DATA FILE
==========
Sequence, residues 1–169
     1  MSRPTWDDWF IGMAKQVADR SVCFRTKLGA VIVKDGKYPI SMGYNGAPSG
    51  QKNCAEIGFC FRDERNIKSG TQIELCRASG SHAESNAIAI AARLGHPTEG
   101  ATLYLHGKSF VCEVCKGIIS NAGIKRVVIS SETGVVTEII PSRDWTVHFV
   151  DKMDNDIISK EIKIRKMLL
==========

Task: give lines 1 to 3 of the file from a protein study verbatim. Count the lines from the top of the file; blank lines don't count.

Sequence, residues 1–169
     1  MSRPTWDDWF IGMAKQVADR SVCFRTKLGA VIVKDGKYPI SMGYNGAPSG
    51  QKNCAEIGFC FRDERNIKSG TQIELCRASG SHAESNAIAI AARLGHPTEG